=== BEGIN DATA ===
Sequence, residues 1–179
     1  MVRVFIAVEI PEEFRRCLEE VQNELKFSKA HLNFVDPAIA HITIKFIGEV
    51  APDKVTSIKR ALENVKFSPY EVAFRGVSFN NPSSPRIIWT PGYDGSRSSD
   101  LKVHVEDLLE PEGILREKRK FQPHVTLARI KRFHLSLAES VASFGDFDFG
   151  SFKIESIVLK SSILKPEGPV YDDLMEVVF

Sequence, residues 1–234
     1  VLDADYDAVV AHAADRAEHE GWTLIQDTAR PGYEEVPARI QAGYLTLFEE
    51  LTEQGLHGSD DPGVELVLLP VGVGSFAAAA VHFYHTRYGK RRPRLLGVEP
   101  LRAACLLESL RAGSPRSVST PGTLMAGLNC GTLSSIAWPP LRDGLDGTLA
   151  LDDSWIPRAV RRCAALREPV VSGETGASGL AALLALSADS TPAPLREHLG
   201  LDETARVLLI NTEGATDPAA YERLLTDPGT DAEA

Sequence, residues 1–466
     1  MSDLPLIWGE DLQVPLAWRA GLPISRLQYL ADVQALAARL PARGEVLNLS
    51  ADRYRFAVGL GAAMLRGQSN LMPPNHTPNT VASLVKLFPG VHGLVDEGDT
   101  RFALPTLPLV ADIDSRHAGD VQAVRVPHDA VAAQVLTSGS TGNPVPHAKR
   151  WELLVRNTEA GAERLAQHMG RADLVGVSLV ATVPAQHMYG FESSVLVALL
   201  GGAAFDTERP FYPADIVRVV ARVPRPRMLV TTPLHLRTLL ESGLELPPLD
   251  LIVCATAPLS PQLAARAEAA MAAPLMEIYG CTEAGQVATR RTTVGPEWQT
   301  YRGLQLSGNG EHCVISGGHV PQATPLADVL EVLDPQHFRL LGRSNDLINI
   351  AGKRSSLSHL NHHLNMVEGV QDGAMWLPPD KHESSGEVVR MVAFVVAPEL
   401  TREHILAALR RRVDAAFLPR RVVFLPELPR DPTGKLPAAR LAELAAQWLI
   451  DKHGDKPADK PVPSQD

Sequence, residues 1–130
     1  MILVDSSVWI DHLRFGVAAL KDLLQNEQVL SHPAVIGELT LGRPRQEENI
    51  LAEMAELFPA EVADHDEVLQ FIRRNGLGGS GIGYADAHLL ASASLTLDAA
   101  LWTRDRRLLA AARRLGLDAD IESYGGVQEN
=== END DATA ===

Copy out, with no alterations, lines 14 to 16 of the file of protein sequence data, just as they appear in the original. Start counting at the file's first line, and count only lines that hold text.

    51  ADRYRFAVGL GAAMLRGQSN LMPPNHTPNT VASLVKLFPG VHGLVDEGDT
   101  RFALPTLPLV ADIDSRHAGD VQAVRVPHDA VAAQVLTSGS TGNPVPHAKR
   151  WELLVRNTEA GAERLAQHMG RADLVGVSLV ATVPAQHMYG FESSVLVALL